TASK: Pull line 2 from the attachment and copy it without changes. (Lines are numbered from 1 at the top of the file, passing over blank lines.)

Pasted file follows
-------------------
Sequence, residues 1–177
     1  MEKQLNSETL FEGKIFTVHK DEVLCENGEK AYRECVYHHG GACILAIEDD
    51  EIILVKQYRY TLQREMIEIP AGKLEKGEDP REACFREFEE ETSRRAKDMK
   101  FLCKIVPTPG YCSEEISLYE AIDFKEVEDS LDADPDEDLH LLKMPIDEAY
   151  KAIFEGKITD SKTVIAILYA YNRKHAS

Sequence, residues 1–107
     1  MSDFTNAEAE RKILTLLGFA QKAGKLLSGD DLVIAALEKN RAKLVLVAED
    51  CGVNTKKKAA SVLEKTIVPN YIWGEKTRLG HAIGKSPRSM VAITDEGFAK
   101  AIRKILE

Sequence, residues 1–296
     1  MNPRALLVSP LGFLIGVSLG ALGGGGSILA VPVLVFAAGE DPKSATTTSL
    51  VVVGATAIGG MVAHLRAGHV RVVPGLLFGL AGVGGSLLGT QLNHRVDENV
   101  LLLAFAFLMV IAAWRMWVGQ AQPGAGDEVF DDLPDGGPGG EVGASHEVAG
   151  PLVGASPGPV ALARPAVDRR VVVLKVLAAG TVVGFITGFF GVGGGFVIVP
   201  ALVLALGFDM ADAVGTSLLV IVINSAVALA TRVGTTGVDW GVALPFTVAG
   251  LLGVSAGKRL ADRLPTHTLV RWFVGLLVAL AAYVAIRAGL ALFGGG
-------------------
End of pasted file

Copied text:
     1  MEKQLNSETL FEGKIFTVHK DEVLCENGEK AYRECVYHHG GACILAIEDD